Mega rapper Eminem’s song publisher is suing Facebook for copyright infringement. The Detroit Free Press reports that Eight Mile Style contends that a Facebook ad that was broadcast online April 4th copied music from Eminem’s 2000 album Under the Influence. A 12 page complaint was filed on Monday (May 20th) in Detroit federal court.
During the 30 second “Airplane” ad some viewers noticed the similarity between the ad’s music and Eminem’s song. The ad featured Facebook founder Mark Zuckerberg announcing Facebook Home, an interface for Android phones. The lawsuit claims Eminem’s music was used “in an effort to curry favor with Facebook by catering to Zuckerberg’s personal likes and interests, and/or to invoke the same irreverent theme” of Eminem’s song.
The same report claims a version of the commercial was released a few days later to YouTube and TV with new music, therefore, claiming the alteration “was an admission that Facebook knew it had infringed” on the rapper’s song.
The ad agency has “taken steps to ensure that the earlier version of (the Facebook ad) is no longer publicly available.”
Eight Mile Style oversees the rights and licensing to Eminem’s entire song catalog. The company directly complained to ad agency Wieden+Kennedy of Portland, OR, about the use of the song in April. The Detroit Free Press obtained a response by the agency arguing that “Eight Mile Style had no grounds to assert copyright, saying the Eminem song passage had itself been copied from Michael Jackson’s 1991 song ‘Give In to Me.'”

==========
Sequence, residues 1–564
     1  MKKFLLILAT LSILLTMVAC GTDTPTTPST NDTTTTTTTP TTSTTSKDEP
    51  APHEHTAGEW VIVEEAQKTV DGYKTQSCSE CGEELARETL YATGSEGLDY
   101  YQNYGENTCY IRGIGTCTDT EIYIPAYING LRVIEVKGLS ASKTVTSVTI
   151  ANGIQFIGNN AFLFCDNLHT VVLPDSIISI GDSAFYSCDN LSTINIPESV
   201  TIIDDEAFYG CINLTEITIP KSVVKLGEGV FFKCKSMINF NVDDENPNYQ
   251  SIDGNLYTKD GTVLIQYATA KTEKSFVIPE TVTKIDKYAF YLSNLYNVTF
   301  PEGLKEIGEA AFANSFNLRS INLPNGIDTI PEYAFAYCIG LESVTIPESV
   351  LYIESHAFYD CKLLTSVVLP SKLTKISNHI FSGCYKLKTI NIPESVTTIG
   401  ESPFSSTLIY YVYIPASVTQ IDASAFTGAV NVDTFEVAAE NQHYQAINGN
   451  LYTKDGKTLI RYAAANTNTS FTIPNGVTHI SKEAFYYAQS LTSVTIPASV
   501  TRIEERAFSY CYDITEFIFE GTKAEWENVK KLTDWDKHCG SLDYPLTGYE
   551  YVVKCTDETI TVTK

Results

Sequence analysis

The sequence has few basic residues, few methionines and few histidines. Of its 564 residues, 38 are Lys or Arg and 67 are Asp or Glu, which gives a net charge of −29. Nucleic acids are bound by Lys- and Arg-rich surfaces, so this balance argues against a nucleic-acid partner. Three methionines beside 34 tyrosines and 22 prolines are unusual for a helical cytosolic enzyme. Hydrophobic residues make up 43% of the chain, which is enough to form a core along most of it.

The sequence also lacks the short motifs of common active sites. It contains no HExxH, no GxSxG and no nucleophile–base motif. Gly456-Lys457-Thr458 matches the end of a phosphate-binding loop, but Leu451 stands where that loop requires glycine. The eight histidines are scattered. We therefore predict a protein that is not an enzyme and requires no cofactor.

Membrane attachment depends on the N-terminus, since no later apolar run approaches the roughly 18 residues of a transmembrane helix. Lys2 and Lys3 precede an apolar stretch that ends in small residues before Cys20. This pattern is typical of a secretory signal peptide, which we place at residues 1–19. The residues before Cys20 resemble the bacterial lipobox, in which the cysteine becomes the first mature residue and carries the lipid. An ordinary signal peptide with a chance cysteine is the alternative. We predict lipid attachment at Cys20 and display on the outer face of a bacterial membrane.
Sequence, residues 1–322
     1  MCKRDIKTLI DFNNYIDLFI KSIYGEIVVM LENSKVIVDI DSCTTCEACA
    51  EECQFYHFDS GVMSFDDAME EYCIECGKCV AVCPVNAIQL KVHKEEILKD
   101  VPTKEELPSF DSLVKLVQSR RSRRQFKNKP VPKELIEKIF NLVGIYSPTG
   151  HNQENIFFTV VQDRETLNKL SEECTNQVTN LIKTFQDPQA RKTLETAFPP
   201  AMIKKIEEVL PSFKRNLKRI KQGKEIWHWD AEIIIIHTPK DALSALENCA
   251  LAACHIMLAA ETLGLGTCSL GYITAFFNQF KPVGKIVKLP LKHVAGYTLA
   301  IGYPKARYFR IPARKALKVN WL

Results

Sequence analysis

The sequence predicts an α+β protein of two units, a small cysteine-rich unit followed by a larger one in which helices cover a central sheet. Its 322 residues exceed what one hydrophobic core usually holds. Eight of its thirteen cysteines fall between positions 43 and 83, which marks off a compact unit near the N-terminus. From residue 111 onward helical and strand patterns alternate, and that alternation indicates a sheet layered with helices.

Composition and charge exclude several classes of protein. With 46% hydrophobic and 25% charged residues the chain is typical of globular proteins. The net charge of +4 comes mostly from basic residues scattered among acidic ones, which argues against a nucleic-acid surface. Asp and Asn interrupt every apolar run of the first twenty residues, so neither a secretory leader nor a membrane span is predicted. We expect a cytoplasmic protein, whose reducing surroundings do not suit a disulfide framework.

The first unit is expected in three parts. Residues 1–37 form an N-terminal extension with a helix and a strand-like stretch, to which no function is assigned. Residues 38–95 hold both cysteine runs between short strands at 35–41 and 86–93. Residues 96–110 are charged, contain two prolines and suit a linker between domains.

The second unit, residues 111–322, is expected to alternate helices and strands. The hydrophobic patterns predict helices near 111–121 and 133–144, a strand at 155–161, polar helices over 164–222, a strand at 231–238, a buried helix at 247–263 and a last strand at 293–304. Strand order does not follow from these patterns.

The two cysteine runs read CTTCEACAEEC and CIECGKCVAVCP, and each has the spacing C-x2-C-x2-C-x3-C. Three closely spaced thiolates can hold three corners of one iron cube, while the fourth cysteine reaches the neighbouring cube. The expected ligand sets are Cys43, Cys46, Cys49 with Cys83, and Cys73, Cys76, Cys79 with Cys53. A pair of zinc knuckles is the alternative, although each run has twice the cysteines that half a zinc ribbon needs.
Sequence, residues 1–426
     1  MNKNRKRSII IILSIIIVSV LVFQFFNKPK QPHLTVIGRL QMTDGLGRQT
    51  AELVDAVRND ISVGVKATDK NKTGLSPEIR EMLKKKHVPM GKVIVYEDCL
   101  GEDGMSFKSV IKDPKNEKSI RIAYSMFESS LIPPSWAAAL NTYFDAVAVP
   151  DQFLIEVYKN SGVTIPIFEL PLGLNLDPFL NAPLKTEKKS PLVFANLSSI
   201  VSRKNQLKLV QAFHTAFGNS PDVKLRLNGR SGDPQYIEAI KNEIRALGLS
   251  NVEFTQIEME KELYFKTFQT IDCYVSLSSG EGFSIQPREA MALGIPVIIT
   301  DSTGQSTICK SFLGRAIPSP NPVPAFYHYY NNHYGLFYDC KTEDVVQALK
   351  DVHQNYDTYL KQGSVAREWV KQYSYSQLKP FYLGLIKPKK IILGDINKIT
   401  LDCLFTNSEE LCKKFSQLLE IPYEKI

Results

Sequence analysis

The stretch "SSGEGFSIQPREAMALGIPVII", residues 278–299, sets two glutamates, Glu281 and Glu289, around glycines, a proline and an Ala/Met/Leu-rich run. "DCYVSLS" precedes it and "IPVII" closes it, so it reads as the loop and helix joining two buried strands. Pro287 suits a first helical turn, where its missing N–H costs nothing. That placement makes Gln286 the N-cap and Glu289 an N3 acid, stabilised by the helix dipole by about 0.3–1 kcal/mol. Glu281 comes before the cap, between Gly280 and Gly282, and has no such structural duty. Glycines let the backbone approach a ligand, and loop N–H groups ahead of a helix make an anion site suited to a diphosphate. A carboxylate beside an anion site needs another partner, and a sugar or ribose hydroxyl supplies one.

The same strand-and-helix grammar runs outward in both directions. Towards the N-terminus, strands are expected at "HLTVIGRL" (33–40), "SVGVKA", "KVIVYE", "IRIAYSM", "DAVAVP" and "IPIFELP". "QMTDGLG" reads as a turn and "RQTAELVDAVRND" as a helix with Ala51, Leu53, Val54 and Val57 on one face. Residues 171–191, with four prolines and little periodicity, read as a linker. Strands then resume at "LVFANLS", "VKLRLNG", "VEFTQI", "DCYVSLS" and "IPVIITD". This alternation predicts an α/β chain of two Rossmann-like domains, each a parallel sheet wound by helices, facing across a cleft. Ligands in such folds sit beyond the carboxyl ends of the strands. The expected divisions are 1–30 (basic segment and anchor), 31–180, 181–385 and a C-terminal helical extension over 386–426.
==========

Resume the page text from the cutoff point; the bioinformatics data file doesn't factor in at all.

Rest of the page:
The same letter contests that the writing and production of Under The Influence involved Dr. Dre, who has frequently collaborated with Eminem, who “has a long, well-documented history of copyright infringement.” The album was actually co-written by Em’s D12 band and produced by the Bass Brothers.
The letter also states that the music in the original ad “simply is not substantially similar” to Eminem’s song, and that the ad agency has “taken steps to ensure that the earlier version of (the Facebook ad) is no longer publicly available.”